But the habit of future thinking is a hard one to shake.
Letting go of the future means reordering your tendencies of thinking about the future. How psychologically invested you have been in your ideas and hopes about the future will likely determine how well you adapt to ignoring those kinds of thoughts as they arise. You may also find a stronger habit in present awareness begin to prevail.
In this time of The Great Dying, it may seem for you, as it does for me, that reminders of former times become hauntings of all that has been lost forever. The contrast of how things felt then to how things feel now can be unbearable. I notice that I eschew watching documentaries of the ’60s and ’70s, an era in which I came of age, when hope and every imaginable kind of freedom were our daily fare, represented in our music, our political activism and in an almost shimmering joy in the atmosphere. We would “change the world, rearrange the world,” as Graham Nash wrote in the lyrics of his protest song “Chicago” in 1971. Now, I have to be careful about even hearing the music from those halcyon days.
Long ago, a friend who had spent two years in a federal prison for growing marijuana told me that the most difficult time of each month was when his wife and young children made the drive of many hours to visit him. He would end up depressed for days after their visits, having entered for those moments the living reminder of the colorful world, far from the ashen walls of his own. But at least in his case at that time, the other world was one to which he could eventually return or could imagine his children would go on enjoying.
Of course, letting go of both the future and the past doesn’t mean your life-affirming acts in present time are irrelevant. Pulitzer Prize winner and U.S. poet laureate W.S. Merwin wrote: “On the last day of the world, I would want to plant a tree.” It is the purest kind of offering, one that has no possibility of future reward. We, too, can make our final acts on earth a testament to the human capacity for mercy, a living bow to our highest good — for its own sake — even though it will not save the day.
You may feel fury at times in seeing the desecration of the natural world and in realizing its destruction is due to human activity on the planet. It seems tragically unfair that one species could cause the elimination of almost all the others. The rate of extinction is now about 1,000 times faster than before humans arrived. It is natural to want to load the blame somewhere. We want to have a first cause onto which we can displace our anger and have a sense of control. “If only we hadn’t developed agriculture” (which allowed for long-term food storage and overpopulation). “If only the world had been run by matriarchies.” “If only we had a bottom-up economic system.” “If only we had all learned to meditate.” If only.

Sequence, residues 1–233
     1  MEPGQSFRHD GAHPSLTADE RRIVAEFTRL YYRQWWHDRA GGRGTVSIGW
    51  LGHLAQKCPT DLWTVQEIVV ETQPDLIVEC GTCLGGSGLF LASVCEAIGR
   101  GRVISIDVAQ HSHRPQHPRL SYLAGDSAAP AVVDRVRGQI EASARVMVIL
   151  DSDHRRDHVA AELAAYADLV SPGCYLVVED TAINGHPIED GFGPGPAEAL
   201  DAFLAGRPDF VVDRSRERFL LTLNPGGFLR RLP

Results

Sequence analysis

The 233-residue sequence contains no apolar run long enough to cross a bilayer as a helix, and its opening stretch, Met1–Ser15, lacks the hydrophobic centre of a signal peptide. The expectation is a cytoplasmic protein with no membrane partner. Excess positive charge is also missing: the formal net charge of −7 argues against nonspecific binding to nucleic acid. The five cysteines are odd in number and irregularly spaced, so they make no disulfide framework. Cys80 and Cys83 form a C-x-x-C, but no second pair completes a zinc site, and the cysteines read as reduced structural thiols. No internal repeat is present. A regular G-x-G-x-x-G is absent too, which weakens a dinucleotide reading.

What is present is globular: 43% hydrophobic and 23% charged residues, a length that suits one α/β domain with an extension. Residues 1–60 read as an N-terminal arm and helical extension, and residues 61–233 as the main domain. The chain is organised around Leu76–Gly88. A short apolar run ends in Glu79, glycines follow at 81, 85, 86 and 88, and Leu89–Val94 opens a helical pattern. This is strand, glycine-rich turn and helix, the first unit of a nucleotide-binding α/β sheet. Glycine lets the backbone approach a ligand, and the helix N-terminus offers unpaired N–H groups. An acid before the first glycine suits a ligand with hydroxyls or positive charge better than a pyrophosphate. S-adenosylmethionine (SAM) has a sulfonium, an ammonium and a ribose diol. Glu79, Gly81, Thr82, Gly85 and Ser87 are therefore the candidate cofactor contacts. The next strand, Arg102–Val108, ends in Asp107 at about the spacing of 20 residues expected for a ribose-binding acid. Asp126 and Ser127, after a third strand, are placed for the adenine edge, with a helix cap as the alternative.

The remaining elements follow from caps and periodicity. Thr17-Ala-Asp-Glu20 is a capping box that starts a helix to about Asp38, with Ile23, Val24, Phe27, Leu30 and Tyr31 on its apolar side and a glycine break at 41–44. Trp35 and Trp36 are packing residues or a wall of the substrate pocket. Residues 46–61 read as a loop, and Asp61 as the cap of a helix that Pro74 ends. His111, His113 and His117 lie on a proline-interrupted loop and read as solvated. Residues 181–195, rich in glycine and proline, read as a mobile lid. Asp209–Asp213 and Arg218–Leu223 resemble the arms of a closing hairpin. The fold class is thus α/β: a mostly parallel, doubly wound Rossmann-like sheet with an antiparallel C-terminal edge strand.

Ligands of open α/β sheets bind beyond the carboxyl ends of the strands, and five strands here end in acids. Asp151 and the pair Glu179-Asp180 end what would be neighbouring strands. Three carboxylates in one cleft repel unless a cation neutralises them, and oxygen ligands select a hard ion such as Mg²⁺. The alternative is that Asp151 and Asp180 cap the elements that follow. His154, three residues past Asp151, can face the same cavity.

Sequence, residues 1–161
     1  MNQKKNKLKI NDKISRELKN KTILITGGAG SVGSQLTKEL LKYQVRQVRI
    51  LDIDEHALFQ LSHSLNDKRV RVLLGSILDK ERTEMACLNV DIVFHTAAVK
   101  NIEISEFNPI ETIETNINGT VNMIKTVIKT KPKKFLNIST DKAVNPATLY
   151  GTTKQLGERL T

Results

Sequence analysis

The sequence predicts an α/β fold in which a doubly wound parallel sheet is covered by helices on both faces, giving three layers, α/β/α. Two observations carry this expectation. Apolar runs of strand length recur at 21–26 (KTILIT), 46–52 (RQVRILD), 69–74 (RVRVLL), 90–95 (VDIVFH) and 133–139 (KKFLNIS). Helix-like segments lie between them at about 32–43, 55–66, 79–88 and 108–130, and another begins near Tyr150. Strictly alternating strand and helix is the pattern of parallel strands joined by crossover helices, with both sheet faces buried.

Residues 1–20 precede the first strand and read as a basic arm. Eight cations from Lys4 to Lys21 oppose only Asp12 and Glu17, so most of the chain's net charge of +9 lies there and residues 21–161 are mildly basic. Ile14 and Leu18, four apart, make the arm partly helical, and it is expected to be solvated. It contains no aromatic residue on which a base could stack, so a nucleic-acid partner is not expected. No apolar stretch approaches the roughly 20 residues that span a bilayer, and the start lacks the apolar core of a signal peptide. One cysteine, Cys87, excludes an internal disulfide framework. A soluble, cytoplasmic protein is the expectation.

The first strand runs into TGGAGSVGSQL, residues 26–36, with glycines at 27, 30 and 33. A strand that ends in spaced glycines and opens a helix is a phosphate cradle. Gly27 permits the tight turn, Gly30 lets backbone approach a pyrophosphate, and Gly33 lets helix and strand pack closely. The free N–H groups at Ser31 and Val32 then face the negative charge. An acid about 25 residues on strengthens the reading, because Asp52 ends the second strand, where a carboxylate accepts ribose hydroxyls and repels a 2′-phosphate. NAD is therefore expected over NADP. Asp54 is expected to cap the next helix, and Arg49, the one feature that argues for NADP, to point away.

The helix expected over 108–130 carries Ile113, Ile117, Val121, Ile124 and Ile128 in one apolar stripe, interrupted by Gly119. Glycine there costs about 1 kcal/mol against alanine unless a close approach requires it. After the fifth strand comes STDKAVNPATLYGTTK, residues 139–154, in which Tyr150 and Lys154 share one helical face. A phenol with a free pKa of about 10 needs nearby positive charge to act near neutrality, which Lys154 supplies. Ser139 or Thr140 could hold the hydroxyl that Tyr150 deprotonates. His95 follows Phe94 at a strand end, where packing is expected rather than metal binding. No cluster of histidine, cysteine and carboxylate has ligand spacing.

In a recent blog post, writer James Kunstler proposed a pithy theory of why humans chose each step of our path in history: “It just seemed a good idea at the time.” We plunged forward with each new way of doing things, each new invention, because it made life easier at the time. There was no intention to destroy ourselves. On the contrary, for most of the time since the Industrial Revolution, it seemed that life was getting better for greater numbers of people. With medical advances, we wiped out most of the contagious deadly diseases, controlled infections and greatly extended life expectancy. We built transportation capabilities that allowed us to travel to the far ends of the earth in a day and thereby learn of other cultures while on their own turf. And then we hooked ourselves up to each other in a world of instantaneous communication, which has been a whole lot of fun. But we didn’t factor in the cost of all this bounty as we built modern civilization. We didn’t understand that running the world on fossil fuels that were needed for our machinery — our cars, planes, cargo ships, tankers, electric grids and just about everything — would someday do us in. Nearly all of us went along on the ride and enjoyed the benefits, and now the party’s over and the bill has come due. But where can we lay blame?